Arts-related research has also sparked findings in other, unintended areas of study. In one ongoing project Faber; Kenneth Shull, professor of materials science and engineering; and Linda Broadbelt, Sarah Rebecca Roland Professor of Chemical and Biological Engineering, have been studying the composition of house paints Picasso used in some of his works. The three are developing tests to understand the physical and mechanical properties of a similar paint system: an indentation test, which involves pressing on the paint to test its response, and a “quartz resonator” test, in which researchers coat paint onto a vibrating piece of quartz to analyze its nanoscale structure. If paint samples that behave like Picasso’s house paints can be developed, they can be used to test methods for cleaning the artwork.

The research has led to unexpected discoveries. “The focus is on paint, but there is an opportunity here to develop characterization methods for a variety of protective coatings and to learn how they degrade,” says Shull. “These oilbased materials, which are important to the art community, are also sustainable materials that could have tremendous value elsewhere.” Shull is currently investigating the application of the techniques in creating dental fillings.

For the Art Institute’s current Picasso and Chicago show (through May 12), researchers traced some of Picasso’s modern bronze sculptures to a specific foundry in Paris by using emission spectroscopy and x-ray fluorescence to determine the chemical composition. The researchers included David Dunand, the James N. and Margie M. Krebs Professor of Materials Science and Engineering.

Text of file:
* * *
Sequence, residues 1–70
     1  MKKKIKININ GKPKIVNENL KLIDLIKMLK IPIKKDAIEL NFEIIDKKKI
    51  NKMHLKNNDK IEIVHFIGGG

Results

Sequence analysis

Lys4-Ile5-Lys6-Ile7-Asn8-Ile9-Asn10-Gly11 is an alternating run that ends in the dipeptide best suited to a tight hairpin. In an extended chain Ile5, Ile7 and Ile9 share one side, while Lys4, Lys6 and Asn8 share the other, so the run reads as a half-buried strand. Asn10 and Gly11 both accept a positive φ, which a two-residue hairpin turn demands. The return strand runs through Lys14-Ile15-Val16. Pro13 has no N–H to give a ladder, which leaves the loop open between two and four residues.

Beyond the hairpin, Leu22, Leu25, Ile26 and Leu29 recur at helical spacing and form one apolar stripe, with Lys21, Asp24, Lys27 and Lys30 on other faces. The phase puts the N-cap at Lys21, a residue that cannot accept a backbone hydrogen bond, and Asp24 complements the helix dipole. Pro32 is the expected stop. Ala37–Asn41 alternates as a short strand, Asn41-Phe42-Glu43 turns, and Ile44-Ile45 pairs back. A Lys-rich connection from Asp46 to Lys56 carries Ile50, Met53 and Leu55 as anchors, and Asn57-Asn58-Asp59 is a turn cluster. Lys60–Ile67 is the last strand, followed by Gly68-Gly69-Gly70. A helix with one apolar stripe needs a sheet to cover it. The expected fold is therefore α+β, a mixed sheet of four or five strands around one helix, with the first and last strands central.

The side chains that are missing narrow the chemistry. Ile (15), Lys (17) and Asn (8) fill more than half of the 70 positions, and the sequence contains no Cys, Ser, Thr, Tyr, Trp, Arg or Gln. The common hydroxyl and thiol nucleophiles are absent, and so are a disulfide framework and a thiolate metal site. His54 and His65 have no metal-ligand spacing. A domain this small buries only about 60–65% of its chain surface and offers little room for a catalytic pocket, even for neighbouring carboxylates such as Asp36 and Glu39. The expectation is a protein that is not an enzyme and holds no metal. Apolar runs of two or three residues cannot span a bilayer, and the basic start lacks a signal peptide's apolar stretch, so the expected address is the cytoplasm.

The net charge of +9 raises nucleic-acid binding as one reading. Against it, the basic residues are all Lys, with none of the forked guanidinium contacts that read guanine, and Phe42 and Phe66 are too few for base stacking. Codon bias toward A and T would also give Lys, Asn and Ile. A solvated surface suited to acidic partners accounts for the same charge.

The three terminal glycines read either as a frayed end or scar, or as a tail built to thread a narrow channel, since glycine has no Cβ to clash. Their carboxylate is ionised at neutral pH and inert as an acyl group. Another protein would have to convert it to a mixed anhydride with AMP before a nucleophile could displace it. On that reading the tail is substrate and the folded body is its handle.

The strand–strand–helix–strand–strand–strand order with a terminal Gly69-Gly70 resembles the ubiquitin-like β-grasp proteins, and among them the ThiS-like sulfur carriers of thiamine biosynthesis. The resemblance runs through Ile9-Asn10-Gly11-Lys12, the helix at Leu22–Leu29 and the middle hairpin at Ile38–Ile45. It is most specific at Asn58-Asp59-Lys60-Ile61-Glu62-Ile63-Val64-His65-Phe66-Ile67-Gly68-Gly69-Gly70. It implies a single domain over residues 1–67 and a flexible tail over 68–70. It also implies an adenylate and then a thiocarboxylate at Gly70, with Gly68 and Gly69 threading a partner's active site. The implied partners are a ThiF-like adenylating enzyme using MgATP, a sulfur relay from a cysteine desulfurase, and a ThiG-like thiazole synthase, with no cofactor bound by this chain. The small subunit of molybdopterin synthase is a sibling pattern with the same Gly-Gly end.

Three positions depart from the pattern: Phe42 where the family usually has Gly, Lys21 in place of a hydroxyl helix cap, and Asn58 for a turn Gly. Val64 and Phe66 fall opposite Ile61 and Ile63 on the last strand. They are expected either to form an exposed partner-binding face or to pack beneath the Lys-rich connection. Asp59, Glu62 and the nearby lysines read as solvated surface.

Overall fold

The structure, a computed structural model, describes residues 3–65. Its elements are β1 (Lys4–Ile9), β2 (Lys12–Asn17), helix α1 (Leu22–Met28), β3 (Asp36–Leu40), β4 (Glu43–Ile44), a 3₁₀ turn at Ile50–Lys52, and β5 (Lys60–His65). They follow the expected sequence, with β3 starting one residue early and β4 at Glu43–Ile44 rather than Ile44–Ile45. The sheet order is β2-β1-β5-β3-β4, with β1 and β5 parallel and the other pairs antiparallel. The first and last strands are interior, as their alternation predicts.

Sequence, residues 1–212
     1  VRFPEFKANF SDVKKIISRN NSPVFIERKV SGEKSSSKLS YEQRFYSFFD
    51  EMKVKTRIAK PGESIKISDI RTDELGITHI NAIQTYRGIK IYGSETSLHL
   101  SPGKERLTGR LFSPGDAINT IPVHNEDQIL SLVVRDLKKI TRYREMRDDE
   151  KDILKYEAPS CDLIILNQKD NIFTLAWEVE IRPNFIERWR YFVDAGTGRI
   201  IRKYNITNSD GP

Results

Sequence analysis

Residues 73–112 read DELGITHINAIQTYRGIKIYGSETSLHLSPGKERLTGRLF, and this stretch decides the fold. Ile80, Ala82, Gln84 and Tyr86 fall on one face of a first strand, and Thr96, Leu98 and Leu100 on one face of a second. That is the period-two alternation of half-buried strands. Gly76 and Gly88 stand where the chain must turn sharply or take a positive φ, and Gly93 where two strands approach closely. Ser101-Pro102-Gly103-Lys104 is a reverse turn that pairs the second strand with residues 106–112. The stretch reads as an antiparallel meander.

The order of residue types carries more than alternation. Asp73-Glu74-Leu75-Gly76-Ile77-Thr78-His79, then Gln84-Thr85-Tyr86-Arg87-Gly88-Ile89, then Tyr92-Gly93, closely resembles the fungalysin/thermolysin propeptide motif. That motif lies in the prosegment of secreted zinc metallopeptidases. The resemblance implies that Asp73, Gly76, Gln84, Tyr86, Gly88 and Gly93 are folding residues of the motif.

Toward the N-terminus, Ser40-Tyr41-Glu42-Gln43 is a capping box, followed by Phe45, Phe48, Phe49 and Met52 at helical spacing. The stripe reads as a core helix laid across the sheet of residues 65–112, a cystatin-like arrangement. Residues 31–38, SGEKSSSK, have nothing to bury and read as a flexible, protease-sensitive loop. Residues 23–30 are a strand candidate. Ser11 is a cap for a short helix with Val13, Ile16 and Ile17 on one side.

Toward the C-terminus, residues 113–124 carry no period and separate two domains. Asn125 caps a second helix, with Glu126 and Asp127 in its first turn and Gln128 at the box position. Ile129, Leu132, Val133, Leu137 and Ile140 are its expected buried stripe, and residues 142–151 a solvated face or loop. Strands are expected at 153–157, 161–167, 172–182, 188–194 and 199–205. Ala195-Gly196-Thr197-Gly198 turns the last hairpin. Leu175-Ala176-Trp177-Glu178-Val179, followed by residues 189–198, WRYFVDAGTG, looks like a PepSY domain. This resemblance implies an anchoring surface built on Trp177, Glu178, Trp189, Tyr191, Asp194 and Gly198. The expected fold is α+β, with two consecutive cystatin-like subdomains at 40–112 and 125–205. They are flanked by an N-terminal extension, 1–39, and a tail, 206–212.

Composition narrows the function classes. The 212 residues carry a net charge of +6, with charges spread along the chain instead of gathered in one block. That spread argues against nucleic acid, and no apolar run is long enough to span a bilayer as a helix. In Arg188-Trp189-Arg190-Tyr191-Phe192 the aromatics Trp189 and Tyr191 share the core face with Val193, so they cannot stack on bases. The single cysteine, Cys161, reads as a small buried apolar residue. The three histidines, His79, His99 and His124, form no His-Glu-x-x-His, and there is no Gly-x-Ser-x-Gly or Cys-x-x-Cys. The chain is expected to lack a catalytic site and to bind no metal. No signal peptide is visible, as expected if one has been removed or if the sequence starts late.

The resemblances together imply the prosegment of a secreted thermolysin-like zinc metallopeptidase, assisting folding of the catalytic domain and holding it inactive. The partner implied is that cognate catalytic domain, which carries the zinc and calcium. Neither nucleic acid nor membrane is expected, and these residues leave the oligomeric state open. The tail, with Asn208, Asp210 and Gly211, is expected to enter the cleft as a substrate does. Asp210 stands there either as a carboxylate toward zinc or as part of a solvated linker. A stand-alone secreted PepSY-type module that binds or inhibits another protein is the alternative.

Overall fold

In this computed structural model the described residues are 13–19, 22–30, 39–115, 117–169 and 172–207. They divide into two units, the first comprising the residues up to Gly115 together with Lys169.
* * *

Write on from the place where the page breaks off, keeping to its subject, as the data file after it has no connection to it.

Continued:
Since the Northwestern–Art Institute collaboration began, the partnership has been supported by the Mellon Foundation with additional grant support from the National Science Foundation. In January the Mellon Foundation announced the sizable grant to establish NU-ACCESS for six years. Casadio and Faber direct the center, which serves as a collaborative hub, facilitating interdisciplinary research partnerships in art studies and conservation on a national scale.

Museums and cultural institutions will be asked to submit proposals for the study of objects in their own collections or for object-inspired research. Faber and Casadio expect three to five major projects and up to 10 minor projects to be carried out each year.

Faber says she hopes the center will inspire other arts organizations and universities to bridge the gap between science and the arts. “We are thrilled to be offering this service, but I suspect the need is greater than we can handle,” Faber says. “We’re hoping this can be a model for other large museums.”

By: Sarah Ostman